White Rock RCMP detachment commander Staff Sgt. Kale Pauls said he doesn’t see the current transition in Surrey policing from RCMP to a municipal force posing significant challenges for the city by the sea.
Pauls made the comments while presenting the White Rock RCMP 2021 annual report to council on Feb. 28.
Council heard that files were up last year, but that White Rock is still a very safe place to be.
“In my view, there’s a low-risk impact to White Rock operationally (from the Surrey transition),” he said. “For us, it’s primarily a transition of contracted support services, such as our information technology support, network servers, building security and CCTV.”
Pauls said the White Rock detachment is continuing contracted dispatching calls with Surrey RCMP at this point.
“Mutual assistance, when requested, is legislated by the Police Act, and, regardless of that, we will have a professional relationship with whoever is policing next door to us.”
White Rock detachment strength is currently at 26 funded RCMP positions, including a serious crime unit, 10 full-time municipal employees, plus numerous casual employees and volunteers.
In 2021 the detachment had 7,414 call-for-service files, he said, up from 6,905 in 2020 and 6,607 in 2019.
Pauls said that, while the data does not indicate the reason for the increase, he believes “growth of the community, in new condos getting occupied, is likely a factor.”
He commented that, regardless of financial situation of residents, “the demand for police service still exists in the form of family disputes, frauds, thefts, intimate partner violence an other offences.”
“Overall White Rock is a very safe place to live and be in,” he noted, however.
Pauls said that, of calls to the detachment in 2021, 23 per cent were community disturbances or suspicious incidents reported by residents; while 18 per cent were false 911 or building alarm calls.
“This is an issue in pretty much every policing jurisdiction of having an excessive amount of false 911 calls – typically pocket dials from cellphones,” he said.
Some 12 per cent are general assistance calls from the public, he added, or assisting other police agencies with investigations that have a connection to White Rock, while another 12 per cent relate to property crime, frauds – mostly by telephone or internet – and mischief.
Community health calls, either concerning mental health or wellness, accounted for 10 per cent of the activity, Pauls said, while traffic complaints were about nine per cent.
Some five per cent of calls concerned enforcement of other federal or provincial statutes, with a similar amount in bylaw complaints.
Persons offences – including assaults, sexual assaults and uttering threats – accounted for about five per cent of calls for service, Pauls said, while drug offences represented “less than one per cent.”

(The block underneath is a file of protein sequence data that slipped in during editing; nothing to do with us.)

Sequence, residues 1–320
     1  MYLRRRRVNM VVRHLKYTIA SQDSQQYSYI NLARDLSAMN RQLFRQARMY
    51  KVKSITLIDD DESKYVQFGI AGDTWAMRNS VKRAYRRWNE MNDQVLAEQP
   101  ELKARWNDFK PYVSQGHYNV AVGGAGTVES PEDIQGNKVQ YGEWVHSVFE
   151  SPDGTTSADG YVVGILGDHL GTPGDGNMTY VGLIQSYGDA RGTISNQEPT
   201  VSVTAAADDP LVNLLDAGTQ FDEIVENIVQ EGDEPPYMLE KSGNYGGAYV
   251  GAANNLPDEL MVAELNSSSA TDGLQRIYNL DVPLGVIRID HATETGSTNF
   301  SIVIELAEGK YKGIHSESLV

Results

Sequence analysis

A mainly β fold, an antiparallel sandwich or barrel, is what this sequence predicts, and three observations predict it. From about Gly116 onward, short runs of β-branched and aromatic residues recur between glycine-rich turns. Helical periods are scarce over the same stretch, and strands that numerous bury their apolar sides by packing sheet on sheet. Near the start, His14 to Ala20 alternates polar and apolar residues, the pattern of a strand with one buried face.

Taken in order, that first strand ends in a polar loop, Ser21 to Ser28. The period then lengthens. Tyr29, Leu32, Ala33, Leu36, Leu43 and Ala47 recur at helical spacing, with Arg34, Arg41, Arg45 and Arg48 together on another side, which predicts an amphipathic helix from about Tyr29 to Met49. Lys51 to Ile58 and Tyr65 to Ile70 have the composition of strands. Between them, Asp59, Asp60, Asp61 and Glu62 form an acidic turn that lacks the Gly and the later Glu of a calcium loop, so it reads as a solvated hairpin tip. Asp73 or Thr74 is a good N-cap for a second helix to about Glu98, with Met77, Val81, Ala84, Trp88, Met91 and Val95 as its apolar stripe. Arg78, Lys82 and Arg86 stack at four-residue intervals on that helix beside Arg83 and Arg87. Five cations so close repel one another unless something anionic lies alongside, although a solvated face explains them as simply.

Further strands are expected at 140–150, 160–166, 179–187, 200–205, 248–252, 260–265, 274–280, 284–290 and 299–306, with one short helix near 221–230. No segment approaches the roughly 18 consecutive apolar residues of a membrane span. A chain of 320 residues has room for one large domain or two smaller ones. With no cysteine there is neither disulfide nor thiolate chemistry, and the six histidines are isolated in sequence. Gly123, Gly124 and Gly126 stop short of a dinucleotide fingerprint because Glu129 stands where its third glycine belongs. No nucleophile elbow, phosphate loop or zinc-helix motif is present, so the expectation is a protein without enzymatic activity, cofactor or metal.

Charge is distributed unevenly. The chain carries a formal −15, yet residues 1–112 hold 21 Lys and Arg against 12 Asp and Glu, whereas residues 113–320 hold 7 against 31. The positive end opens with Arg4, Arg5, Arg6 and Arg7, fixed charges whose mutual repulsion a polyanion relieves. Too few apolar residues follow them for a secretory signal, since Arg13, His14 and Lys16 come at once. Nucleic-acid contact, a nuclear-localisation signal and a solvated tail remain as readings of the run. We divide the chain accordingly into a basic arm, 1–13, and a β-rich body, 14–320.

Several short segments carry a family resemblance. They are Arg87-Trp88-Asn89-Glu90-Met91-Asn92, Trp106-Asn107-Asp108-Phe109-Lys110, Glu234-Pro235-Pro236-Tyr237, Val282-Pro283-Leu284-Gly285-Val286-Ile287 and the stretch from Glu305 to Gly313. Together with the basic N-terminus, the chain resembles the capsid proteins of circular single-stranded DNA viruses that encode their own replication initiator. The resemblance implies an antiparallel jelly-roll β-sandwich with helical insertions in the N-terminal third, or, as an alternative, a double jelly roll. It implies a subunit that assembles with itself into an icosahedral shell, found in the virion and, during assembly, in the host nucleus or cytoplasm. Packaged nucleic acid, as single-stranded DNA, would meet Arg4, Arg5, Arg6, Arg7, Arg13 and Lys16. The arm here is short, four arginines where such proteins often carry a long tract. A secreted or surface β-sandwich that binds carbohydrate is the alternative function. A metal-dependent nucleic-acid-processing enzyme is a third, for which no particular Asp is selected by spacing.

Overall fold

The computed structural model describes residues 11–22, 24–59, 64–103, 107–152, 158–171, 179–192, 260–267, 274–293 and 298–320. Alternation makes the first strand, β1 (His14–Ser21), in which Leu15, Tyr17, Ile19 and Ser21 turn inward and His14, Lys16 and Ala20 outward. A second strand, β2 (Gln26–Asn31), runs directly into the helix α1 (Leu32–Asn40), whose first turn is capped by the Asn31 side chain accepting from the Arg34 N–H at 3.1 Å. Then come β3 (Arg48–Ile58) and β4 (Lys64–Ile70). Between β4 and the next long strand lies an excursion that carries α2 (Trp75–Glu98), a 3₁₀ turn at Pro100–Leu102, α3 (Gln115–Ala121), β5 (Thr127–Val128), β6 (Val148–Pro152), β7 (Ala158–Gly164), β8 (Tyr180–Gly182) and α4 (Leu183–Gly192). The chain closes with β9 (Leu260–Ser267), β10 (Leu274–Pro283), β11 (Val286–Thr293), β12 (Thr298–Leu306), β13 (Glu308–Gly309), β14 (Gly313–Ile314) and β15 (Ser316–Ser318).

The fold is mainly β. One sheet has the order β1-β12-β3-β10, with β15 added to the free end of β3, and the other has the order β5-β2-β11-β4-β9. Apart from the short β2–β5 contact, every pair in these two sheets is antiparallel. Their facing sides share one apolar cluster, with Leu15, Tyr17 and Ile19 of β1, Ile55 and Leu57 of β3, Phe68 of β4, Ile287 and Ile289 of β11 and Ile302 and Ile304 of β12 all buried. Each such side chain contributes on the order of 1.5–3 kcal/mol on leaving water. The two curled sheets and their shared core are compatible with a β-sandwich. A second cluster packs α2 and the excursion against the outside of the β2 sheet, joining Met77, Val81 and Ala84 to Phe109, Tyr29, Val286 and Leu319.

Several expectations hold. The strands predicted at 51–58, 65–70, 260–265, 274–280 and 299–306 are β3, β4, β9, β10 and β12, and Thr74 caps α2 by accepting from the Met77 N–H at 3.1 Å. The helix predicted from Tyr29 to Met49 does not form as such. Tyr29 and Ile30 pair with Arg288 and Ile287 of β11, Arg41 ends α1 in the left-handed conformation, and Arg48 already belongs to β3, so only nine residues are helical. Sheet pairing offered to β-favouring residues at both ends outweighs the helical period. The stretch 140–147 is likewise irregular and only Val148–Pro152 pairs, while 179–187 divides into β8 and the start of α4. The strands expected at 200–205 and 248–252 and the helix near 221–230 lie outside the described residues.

“Fraud and identity theft continues to be crime that advances in sophistication,” he said.
“In many cases, police can help before the crime is completed.
“We recommend that people call us even when they’re not in doubt. We see many frauds where officers can take an unbiased look at (the situation) and save people from losing thousands of dollars. If somebody is asking for money we’ll more than likely be able to figure out whether its a fraud or not.”
Persons offences in White Rock are typically between people that know each other, Pauls said, while noting that they are also under-reported in general – “specifically intimate partner violence and sexual assaults.”
Road safety continues to be a priority for the detachment, he said, noting that traffic cases injured 27 people during the year while there were a total of 23 collisions with damage over $10,000 and 68 cases that had damage under that amount, or were classed as hit-and-runs.
“We’d like to see the injury collisions reduced to zero,” Pauls said, noting that, during the year, White Rock RCMP had 2,756 traffic interactions that resulted in some form of documentation being issued by the officer.
“March happens to be the kick-off to our safe-driving campaign, so you’ll see more officers out on the roads doing various enforcement, (including) seat-belt, cell-phone and speeding,” he said.
The detachment will also be continuing policing in the peak season summer months, Pauls said, adding that he anticipates that there will be a rise in city events as a result of the loosening of some pandemic restrictions.
Peak season tickets last year included 61 Rail Safety Act violations, and 136 Rail Safety Act warning were also handed out. There were a total of 43 Liquor Act violations, Pauls said, but only six Cannabis Act violations were recorded.
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